My Stakeholders Aren’t Involved – How Do I Change That?

It can be easy to lose sight of things and take the view that the most important people in your project are those who make up your team. However, that’s not the case. While you and your team are certainly central to the success of the project, there are many others that need to be involved. These are your stakeholders. If they’re not involved, you can face many different issues, and run the risk of your project falling flat on its face. What should you do if your stakeholders aren’t involved?
Include Them
A lack of stakeholder involvement might have nothing to do with a lack of interest on their part. It might be something as simple as you not including them in your communications. Actively involving your stakeholders in regular communications not only shows them that they are vital to the project, but that their input is valued. Of course, communicating with stakeholders can be time consuming, particularly if you’re using outmoded methods (like actually calling them on the phone or speaking in person). To foster the best engagement with them, make sure you have project management software that offers collaborative capabilities, and then engage your stakeholders though that medium.
Foster Trust
Project managers should not find this surprising, but many stakeholders don’t trust them or their teams. This is because traditional project management hasn’t always provided good results (failure is all too common). However, you can foster better trust with your stakeholders in a number of ways, including implementing Agile concepts in your project, providing better functionality, and actively including them in conversation, decisions and other project areas (such as using software as mentioned previously).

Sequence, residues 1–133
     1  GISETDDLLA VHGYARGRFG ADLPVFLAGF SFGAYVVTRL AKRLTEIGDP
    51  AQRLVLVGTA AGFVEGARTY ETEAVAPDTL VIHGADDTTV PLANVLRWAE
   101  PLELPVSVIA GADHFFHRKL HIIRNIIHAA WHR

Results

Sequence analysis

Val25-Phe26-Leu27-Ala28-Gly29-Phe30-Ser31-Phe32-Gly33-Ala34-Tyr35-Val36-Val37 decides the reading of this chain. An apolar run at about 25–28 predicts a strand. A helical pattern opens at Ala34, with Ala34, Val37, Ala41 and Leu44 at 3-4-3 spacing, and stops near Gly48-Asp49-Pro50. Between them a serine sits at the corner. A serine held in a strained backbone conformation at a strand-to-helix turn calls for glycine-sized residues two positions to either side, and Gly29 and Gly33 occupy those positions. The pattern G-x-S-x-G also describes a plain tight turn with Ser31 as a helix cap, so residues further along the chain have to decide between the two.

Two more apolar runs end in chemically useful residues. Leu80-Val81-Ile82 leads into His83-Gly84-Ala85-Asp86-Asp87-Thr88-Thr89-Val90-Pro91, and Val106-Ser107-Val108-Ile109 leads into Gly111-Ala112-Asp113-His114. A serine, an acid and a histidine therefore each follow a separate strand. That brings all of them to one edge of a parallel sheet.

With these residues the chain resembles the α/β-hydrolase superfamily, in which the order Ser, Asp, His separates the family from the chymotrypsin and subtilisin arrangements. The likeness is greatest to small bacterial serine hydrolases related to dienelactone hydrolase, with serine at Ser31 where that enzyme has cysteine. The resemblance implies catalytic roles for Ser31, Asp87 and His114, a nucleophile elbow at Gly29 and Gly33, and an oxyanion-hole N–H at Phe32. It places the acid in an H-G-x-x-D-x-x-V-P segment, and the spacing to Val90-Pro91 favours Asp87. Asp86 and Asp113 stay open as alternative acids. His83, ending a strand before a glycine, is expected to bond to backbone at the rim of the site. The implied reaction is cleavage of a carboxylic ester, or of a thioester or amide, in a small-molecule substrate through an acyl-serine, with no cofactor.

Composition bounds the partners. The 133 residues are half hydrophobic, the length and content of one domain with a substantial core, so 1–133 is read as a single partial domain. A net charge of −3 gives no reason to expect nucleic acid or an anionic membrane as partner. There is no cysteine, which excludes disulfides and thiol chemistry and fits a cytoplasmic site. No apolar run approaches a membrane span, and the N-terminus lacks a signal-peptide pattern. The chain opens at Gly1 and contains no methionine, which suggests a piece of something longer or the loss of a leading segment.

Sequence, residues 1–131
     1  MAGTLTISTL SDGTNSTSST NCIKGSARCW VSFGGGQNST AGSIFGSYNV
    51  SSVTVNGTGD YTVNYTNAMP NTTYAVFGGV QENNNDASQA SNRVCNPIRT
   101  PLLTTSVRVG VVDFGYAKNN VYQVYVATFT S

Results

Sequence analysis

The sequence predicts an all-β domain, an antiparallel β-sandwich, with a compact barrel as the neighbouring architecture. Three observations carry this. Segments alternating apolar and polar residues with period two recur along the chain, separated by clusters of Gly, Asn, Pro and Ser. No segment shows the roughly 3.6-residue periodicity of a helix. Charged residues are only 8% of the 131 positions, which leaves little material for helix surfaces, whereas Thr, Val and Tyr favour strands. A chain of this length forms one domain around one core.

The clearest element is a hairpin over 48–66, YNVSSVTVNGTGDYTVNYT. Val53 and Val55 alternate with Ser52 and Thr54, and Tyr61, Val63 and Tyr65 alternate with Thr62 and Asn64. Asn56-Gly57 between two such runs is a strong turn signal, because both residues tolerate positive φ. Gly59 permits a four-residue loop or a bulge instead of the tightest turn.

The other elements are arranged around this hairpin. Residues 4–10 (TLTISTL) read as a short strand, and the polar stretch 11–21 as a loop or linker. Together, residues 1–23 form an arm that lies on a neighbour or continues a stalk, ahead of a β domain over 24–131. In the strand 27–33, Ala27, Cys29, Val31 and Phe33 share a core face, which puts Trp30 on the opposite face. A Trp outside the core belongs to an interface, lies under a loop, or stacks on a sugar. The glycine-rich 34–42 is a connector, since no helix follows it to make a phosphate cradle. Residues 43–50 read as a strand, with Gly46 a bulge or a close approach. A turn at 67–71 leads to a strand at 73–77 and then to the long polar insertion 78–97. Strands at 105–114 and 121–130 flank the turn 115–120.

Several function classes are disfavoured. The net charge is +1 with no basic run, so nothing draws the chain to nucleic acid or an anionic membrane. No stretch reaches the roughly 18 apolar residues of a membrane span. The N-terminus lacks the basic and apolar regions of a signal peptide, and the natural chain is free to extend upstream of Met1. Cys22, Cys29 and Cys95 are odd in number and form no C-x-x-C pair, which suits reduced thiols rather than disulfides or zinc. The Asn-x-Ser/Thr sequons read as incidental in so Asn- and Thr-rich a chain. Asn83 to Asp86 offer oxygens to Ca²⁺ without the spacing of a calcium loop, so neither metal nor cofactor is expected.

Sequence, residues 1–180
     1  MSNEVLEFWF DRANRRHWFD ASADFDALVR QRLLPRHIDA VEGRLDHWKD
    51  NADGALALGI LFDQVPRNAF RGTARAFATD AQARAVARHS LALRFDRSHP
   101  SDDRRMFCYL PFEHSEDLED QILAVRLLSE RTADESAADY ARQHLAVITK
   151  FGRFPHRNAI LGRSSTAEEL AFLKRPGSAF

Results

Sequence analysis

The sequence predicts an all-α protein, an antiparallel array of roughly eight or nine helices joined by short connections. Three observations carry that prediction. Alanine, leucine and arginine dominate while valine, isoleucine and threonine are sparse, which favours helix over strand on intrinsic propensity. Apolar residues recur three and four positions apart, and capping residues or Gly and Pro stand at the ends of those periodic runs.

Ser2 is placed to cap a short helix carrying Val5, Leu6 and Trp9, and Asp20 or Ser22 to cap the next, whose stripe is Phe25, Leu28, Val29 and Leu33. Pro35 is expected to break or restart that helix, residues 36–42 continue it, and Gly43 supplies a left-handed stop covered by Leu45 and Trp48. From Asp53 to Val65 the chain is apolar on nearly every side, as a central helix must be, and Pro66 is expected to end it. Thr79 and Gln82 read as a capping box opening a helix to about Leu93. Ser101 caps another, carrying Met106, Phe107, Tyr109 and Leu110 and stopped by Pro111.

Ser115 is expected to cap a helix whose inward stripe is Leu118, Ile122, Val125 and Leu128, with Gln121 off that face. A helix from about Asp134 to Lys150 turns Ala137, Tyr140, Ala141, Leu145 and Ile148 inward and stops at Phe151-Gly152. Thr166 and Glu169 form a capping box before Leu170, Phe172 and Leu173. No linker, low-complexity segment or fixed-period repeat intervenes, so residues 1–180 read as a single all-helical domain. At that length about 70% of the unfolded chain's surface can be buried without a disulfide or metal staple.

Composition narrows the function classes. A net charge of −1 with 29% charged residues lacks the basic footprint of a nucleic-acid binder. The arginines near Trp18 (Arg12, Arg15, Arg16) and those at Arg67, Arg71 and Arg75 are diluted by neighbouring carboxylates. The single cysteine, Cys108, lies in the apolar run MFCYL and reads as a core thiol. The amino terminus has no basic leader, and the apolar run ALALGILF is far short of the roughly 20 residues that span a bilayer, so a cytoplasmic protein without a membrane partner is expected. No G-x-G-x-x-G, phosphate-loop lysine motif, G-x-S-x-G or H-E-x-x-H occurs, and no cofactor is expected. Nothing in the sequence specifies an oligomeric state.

Outflank Dissenters
It’s natural to have at least one stakeholder that you simply cannot engage, that resolutely refuses to come around. When this occurs, it’s important that you find a workaround. You can do this easily by ensuring that the other stakeholders involved with the project are in agreement and on the same page as you. In most instances, the dissenting stakeholder will be forced to go along with the general consensus.
Define Your Stakeholders at the Outset
In order to ensure that you are doing your job and engaging your stakeholders, you obviously have to know who they are. You need to determine this from the very outset of your project. Stakeholders come in all types, but you’ll find that these are all individuals who have an interest in the project, have ownership in or of it, or who exert influence over part of or the entire project. They can be within your own company, within a client company, or they can even be end consumers or product testers.
With the information above, you should find engaging your stakeholders and keeping them interested and involved in your project a simpler process. However, it is vital that you take active steps to engage your stakeholders from the beginning of the project to avoid serious problems down the road.

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